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Preservationists look for funding

After discussing last month’s land preservation program by Scott Everett, members of the Harrison County Farm, Forest and Open Space Preservation Task Force turned their attention to funding a volunteer program here.
‘This is an option,’ said Jim Heitkemper, who chairs the task force that was appointed by the Harrison County Board of Commissioners. ‘We couldn’t afford it if everybody wanted to do it’ because funding such a program with everyone involved in would be astronomical.
Task force members invited Everett, a regional director for the American Farmland Trust, to come here again to explain how preservation programs work in other states in hopes of alleviating some of the concerns expressed by Harrison Countians. (Everett gave a similar program in February 2004.)
‘I don’t think we changed anyone’s mind,’ said task force member Fred Uhl, in reference to opponents of such a program.
Some members said they thought the question-and-answer session by Everett may have been cut short after one skeptic at the April 14 program said that they seemed to be ‘beating a dead horse.’
Jane Gettelfinger said she realized many in the audience had the perception that what the task force is trying to accomplish ‘ a voluntary program to help preserve undeveloped land, whether it be farm, forest or open space ‘ was ‘already a done deal.’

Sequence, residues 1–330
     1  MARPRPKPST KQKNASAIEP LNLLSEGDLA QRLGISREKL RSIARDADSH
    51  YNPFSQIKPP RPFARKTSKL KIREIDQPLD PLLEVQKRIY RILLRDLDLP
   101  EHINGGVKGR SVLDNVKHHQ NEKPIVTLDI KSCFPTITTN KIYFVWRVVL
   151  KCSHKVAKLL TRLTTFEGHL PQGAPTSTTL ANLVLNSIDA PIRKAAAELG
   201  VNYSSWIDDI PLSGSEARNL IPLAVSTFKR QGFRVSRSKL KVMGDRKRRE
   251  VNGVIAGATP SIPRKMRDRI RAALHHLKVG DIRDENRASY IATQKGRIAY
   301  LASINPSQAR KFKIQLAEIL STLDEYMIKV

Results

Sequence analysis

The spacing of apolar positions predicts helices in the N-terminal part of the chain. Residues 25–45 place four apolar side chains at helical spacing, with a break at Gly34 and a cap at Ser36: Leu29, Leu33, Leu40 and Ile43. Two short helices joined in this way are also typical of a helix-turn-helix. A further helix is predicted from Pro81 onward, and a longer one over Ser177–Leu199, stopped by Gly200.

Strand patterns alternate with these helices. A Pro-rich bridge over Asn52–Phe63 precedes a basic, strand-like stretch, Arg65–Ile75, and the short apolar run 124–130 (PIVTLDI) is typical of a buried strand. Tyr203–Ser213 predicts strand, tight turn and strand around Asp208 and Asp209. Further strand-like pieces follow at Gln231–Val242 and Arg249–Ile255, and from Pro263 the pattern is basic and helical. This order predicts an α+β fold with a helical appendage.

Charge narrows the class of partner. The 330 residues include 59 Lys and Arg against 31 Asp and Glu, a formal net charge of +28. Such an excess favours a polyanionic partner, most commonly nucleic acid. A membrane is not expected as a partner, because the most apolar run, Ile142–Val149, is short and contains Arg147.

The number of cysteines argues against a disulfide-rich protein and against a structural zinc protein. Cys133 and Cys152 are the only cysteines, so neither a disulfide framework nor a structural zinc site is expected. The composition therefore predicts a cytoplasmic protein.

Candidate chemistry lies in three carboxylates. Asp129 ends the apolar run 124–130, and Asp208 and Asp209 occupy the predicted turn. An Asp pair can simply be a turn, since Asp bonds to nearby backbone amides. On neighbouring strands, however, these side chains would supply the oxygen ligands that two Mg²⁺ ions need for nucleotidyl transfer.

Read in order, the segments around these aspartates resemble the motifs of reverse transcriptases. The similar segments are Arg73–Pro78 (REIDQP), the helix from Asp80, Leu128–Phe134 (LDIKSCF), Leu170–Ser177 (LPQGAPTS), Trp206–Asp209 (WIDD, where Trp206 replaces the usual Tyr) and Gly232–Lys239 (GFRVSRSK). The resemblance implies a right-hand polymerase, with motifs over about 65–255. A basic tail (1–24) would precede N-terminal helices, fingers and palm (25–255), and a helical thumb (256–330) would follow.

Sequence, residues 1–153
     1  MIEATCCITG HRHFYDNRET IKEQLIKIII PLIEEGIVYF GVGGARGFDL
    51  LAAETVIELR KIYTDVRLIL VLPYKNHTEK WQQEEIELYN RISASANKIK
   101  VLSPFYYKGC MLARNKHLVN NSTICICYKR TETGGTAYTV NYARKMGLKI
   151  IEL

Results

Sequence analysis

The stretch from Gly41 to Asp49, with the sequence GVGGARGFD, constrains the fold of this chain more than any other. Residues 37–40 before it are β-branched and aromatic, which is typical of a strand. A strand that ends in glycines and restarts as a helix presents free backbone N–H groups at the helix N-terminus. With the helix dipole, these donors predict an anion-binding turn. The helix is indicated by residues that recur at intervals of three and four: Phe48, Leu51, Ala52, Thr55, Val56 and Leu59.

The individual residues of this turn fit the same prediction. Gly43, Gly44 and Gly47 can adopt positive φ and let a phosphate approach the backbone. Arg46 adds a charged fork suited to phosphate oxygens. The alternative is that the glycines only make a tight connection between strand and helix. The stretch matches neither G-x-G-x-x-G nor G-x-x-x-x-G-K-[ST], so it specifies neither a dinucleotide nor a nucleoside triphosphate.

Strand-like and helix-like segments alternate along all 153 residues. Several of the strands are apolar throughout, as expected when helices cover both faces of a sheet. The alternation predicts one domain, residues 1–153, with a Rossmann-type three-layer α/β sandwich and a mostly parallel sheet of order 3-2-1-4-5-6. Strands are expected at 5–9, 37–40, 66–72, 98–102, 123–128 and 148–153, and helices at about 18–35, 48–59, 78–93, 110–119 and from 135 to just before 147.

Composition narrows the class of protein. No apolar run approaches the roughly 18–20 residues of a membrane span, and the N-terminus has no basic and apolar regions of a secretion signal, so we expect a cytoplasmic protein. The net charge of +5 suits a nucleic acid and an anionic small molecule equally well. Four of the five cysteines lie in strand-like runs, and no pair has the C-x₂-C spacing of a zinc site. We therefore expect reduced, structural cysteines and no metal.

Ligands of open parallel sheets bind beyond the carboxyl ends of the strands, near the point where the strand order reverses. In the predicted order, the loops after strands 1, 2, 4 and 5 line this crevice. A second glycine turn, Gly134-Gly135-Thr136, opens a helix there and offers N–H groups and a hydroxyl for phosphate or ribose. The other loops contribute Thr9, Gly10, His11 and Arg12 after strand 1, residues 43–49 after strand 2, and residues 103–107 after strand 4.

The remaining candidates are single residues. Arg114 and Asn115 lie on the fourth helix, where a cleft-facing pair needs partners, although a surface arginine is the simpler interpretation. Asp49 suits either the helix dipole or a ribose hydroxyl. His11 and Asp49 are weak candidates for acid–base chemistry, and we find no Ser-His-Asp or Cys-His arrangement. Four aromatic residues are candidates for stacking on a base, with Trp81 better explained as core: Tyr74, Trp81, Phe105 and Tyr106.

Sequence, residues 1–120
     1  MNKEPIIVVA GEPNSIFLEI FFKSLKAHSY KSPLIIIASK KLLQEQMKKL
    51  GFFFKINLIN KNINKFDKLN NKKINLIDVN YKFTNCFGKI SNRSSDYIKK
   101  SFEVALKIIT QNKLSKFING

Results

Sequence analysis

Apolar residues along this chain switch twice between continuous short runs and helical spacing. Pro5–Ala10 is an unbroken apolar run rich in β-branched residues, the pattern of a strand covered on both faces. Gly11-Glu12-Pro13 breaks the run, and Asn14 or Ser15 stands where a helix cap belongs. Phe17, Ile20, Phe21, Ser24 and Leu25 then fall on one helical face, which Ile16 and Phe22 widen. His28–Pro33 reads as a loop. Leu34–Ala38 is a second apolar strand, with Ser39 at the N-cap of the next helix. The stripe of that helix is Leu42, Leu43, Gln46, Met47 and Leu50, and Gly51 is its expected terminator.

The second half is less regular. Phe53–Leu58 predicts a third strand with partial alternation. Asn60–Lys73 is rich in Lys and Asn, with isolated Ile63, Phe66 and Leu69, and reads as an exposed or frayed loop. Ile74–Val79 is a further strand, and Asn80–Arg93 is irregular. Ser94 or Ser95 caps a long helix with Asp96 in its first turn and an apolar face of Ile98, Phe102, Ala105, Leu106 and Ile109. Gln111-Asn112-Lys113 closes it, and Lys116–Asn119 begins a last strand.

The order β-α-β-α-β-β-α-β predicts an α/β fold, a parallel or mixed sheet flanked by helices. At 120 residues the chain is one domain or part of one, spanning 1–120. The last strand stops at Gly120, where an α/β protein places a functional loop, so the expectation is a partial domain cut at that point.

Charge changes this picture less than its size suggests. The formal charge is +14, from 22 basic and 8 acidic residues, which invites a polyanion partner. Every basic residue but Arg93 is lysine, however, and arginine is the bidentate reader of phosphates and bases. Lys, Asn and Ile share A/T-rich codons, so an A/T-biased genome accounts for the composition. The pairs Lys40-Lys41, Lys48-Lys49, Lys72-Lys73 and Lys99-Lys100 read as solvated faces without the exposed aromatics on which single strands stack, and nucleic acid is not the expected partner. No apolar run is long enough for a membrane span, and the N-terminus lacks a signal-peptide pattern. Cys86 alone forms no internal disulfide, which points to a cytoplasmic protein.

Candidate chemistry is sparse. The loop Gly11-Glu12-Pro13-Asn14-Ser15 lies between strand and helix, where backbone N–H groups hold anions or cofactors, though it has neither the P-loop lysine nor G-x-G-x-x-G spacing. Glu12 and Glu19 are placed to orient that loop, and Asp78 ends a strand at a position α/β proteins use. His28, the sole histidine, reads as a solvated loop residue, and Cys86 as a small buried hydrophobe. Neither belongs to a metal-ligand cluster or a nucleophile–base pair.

‘Like Scott said, this is not zoning,’ Gettelfinger said.
County councilman Carl (Buck) Mathes, a member of the task force, said, ‘I think zoning will have to be a big part of this for it to work. You’ve got to designate areas that you’re going to preserve.’
‘Then it’s not voluntary,’ Gettelfinger replied.
Task force members agree that there’s more land to preserve here than just farmland.
‘I don’t want it to become farmers versus nonfarmers,’ Gettelfinger said.
C.J. Loudon said: ‘We’re not going to solve all these problems in a short period of time.’
The task force has been meeting since June. Since then, it has developed a vision, mission statement and goals, and year-end report for 2004 that included information about land fragmentation and conversion forces, strategies and options for land conservation, and identification of lands for conservation.
Everett left the task force with a list of about 10 items it can do to begin the process of addressing land preservation.
Members will further discuss ways to fund a program and will probably divide into three subcommittees at its next meeting, on May 31 at 7 p.m. at the County Annex Building, 124 S. Mulberry St., Corydon. The public is invited.